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Krupnick Campbell: Accident Lawyers in Fort Lauderdale

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Krupnick Campbell’s Winning Ways

Krupnick Campbell's Winning Ways Lawyers at the small Fort Lauderdale law firm consistently win tough cases against big foes. Along the way they treat their staff well, foster loyalty and play as hard as they work.

LEGAL secretary Shirley Marsden threw her arms around personal injury lawyer Jon Krupnick and sobbed as she thanked him for the bonus.

The check came to a half year's salary.

Krupnick and his partners at the then 12 lawyer firm were capable of such largesse a year ago thanks to a $214 million settlement they had just negotiated for their crop grower clients from chemical giant DuPont.

To celebrate, the Fort Lauderdale firm rented a yacht and threw what partners said was a $50,000 party for 110 guests. Wearing T-shirts emblazoned with the slogan "Better things for better living thanks to DuPont," they danced to live music. And Krupnick handed out bonuses to lawyers and staff that he says totaled $1 million.

"I was stunned," Marsden recalls. "I had raised four kids by myself after a divorce. When this came along, I was 58. It made it possible for me to put money down on a retirement home. It was like a dream come true."

Other employees at Krupnick, Campbell, Malone, Roselli, Buser, Slama & Hancock also found good use for the windfall.

Krupnick Campbell's Winning Ways"My entire law school education was paid for by the proceeds of my first case," says associate Robert McKee, who worked exclusively on the DuPont litigation.

"It was exciting," says paralegal assistant Suzanne Merton. "I went to Africa."

The party marked the end of 2 1/2 years of intense effort at the firm, which represented 220 flower, fern and ornamental growers in Florida, the Caribbean, Costa Rica and Hawaii who alleged that DuPont's fungicide Benlate® had ruined their crops.

Krupnick Campbell's lawyers risked hefty personal and professional stakes to take on DuPont. Twelve-hour days were the norm, weekends off a rare luxury.

Partners skipped vacations. They also skipped paychecks for three or four months at a time so the firm could afford to front costs totaling $7 million for soil and water tests, travel to confer with clients and witnesses, and the fees of expert witnesses, a jury consultant and mock jury.

But the payoff was tremendous. The Benlate® settlement resulted in $34 million for the firm, excluding the $7 million in costs that DuPont was ordered to reimburse. Added to revenue from its other cases, the small firm brought in $47 million in 1994 making it South Florida's third highest grossing firm, according to The Daily Business Review's annual survey. And with an average of $5.5 million in profits per partner, Krupnick Campbell's seven partners at the time easily outstripped the single year average income of any big firm lawyer in the region.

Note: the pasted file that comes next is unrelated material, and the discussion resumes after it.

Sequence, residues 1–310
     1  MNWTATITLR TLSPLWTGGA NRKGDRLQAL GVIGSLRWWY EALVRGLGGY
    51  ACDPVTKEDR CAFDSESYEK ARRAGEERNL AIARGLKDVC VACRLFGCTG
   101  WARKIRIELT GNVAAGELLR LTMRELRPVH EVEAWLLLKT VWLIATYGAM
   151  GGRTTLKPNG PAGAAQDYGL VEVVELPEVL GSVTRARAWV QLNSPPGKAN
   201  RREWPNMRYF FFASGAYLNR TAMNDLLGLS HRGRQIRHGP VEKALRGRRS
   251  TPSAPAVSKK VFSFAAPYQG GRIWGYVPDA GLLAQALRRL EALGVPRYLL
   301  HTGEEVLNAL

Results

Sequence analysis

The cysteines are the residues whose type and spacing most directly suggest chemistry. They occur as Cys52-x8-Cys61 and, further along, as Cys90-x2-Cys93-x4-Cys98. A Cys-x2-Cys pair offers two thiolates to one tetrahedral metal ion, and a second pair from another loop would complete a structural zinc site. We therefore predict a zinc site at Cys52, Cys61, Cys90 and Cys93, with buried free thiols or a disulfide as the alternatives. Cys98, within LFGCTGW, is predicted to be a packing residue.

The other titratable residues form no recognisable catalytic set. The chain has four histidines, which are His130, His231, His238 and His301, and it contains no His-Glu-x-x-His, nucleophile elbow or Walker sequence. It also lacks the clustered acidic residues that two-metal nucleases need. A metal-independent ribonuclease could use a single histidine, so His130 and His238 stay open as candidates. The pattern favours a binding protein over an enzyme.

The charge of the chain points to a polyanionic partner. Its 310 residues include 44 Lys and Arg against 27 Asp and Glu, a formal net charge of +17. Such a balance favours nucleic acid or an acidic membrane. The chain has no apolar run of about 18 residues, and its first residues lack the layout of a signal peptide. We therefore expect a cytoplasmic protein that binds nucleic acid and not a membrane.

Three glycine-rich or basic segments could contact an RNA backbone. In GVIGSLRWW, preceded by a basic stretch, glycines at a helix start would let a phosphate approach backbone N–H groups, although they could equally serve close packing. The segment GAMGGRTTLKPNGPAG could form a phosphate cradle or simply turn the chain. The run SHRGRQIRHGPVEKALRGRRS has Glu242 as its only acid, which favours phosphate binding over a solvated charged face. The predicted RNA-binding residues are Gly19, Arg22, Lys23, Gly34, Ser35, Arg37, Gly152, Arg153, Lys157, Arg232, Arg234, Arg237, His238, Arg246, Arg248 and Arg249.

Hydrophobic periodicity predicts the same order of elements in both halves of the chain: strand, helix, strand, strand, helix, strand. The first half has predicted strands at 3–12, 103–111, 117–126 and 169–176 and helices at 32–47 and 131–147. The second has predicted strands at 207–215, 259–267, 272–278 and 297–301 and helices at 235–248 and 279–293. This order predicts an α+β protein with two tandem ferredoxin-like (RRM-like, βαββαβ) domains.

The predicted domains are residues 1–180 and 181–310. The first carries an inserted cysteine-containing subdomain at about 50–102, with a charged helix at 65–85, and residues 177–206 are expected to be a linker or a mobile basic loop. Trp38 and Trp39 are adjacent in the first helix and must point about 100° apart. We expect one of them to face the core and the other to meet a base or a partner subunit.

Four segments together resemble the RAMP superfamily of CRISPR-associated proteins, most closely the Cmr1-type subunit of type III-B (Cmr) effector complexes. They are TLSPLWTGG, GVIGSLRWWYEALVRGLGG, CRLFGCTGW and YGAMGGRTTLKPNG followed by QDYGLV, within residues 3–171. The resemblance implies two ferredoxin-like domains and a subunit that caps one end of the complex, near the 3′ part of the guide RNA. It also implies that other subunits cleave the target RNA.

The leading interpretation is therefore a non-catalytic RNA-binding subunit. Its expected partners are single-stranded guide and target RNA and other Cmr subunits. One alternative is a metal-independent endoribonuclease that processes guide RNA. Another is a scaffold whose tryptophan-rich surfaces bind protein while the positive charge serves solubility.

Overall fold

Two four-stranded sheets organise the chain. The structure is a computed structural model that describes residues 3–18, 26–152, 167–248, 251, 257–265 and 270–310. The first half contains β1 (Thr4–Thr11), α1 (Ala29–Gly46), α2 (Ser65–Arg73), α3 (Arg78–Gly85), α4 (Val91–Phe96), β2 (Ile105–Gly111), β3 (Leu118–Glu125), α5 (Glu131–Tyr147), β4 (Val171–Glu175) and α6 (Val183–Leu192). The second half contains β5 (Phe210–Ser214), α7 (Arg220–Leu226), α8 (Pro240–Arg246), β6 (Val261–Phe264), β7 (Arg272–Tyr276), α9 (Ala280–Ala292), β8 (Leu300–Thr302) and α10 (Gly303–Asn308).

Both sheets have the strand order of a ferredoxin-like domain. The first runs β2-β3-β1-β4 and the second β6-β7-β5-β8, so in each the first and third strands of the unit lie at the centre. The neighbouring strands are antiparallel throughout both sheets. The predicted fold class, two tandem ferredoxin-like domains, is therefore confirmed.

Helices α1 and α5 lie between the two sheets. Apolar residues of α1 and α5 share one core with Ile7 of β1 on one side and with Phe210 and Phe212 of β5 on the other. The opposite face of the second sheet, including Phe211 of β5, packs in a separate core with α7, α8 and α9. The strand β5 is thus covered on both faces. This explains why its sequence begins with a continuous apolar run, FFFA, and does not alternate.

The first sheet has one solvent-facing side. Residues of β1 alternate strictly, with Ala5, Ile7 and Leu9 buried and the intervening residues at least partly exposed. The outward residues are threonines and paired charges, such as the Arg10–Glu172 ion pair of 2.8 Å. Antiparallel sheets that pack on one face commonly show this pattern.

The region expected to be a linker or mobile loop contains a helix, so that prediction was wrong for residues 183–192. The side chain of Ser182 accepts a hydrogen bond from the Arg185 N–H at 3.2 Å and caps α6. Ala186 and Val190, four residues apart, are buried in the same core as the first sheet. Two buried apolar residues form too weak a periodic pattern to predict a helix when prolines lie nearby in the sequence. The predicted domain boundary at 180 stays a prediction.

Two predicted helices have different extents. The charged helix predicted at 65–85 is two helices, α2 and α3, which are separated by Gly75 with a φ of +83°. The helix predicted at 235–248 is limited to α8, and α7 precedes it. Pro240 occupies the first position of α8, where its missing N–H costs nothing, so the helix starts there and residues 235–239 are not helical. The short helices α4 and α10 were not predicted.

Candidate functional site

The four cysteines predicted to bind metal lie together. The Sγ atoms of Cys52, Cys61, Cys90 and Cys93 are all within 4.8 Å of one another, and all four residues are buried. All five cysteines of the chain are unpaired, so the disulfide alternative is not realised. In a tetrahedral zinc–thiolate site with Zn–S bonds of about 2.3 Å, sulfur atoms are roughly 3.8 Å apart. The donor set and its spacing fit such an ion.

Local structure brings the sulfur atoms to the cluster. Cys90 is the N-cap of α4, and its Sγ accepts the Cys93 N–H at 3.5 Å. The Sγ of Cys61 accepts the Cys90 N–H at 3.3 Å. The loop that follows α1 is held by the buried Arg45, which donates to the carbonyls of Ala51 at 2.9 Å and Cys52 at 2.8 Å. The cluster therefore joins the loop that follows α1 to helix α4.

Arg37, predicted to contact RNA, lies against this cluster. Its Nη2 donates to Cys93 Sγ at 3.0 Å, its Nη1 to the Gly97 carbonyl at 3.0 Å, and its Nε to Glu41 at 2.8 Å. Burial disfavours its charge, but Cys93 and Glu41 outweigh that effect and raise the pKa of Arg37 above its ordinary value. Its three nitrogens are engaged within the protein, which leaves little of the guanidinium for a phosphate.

"Benlate® was a real turning point in the maturity of the firm," Krupnick says. "I didn't have a hand in producing this result. It was not a one or two man firm but a firm of eight diverse partners in a much more equal way. It was like a father who has a family, and all of a sudden the young ones are equal adults. It was very exciting."

Ownership shift

That has been translated into more equitable firm ownership interest for younger partners. Before the settlement, Krupnick and longtime partner Walter G. "Skip" Campbell owned the largest amounts of firm stock, although no one at the firm would specify the percentage. Younger partners used the Benlate® payouts to buy shares of Krupnick's and Campbell's stock.

Beyond that, the huge cash infusion has had little apparent effect. The firm has no plans to move from the modest office building it owns near the Broward County Courthouse, although partners have decided to buy new computers and update the phone and dictating equipment.

While partners—three of whom were millionaires before the settlement—certainly live well, including homes in such affluent areas as Rio Vista in Fort Lauderdale and Eagle Trace in Coral Springs, their style is far from flashy. Krupnick, for example, wears a $20 watch he bought at a flea market so as not to attract muggers and drives a 5-year-old BMW.

"Their lifestyle really hasn't changed," says former associate Jeffrey Walker of the partners. "They are real down-to-earth people. They are very successful and financially secure, but they are not ostentatious... They are all good businessmen as well."

And even though their net worth is sufficient to consider retirement, they all continue to practice law.

"The joy of practicing remains even when some of the motivation of 10 years ago is gone," Krupnick said. "Some people want to structure things so they have less stress, but nobody wants to retire. I've never been happier with the firm than I am now."

Firm culture

Krupnick Campbell was able to pursue the Benlate® work and the lean times that went with it thanks to a firm culture that stresses discipline, hard work and camaraderie, according to interviews with current and former lawyers, employees, friends and competitors. The firm is demanding, but makes up for it with lavish office parties, hefty bonuses and generous vacation time - a system that fosters strong loyalty. No partner has ever left the firm that now has 14 lawyers, and at least a dozen secretaries have been with Krupnick Campbell for more than 10 years.

Areas of practice
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